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Rocky Road Ahead as Optimism Evaporates

What a change eight months can make. At the beginning of the year, carriers and big consulting houses projected a bumper year all round for the ocean cargo business. Global Port Tracker suggested that growth in import demand in 2018 was going to be half that of 2017. At the same time, we also noted that shipping capacity would continue to increase, which would put downward pressure on freight rates after the first quarter.

The pressure on freight rates has certainly come, and with it less optimism for big profits for ocean carriers. But with a trade war growing between the United States and China, imports have been up ahead of tariffs taking effect – even though volume could fall off afterward.

This year started with huge shots of optimism from the carriers but that has evaporated in the gloom of negative financial returns. The new president of CMA-CGM was quoted in Lloyd’s List Containers saying that the industry overestimated trade growth, which, in turn, persuaded carriers to open more services. That, in turn, destroyed rates on previously profitable routes.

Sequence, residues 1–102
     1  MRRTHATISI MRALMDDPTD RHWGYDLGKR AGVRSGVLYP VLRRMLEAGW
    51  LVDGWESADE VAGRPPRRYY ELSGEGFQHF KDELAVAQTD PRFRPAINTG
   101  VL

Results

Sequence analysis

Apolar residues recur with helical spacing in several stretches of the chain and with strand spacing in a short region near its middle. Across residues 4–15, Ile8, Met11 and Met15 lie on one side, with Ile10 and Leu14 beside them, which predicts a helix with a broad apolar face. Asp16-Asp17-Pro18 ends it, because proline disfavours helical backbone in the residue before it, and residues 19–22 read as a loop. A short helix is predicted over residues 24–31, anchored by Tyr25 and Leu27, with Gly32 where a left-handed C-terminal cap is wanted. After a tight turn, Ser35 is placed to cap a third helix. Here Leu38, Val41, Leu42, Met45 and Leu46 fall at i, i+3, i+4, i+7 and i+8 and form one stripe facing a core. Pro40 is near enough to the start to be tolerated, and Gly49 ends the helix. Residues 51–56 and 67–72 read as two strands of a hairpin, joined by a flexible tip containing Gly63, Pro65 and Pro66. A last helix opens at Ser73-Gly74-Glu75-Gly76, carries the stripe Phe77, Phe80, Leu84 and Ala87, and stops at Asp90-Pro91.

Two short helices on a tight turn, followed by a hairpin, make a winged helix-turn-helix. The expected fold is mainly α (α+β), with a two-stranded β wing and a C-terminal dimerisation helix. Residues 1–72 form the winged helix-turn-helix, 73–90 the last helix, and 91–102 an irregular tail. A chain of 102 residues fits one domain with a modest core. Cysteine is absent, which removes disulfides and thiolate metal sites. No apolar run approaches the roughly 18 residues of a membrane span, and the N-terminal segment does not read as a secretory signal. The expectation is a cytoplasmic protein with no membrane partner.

Our models are reinforcing our view that imports during the last quarter of this year will be weak after expected tariffs take effect and that both East and West Coast ports will see virtually no growth in imports in the first half of the 2019 when compared with the first half of 2018. That would compare with a growth rate of 4.1 percent in the second half of 2018 versus 2017.

Despite all this, Cosco, Yang Ming and HMM (each state-owned or dependent upon state funding) have placed orders for more ultra-large container ships. As a result, U.S. ports will see an increasing number of ships in the 10-15,000 TEU range. That will lead to fewer ship calls but potentially a greater exchange of containers per call, putting operational pressure on the ports and terminals.

The current boom in Transpacific shipping can primarily be explained by importers’ response to the US trade war with China as inventories are being kept at levels above those seen in the 2014-2016 period. And consumers appear to be spending money on goods ahead of the tariff price increases that will eventually come. But there could be a rocky road ahead as the impact of tariffs begins to be more fully felt.

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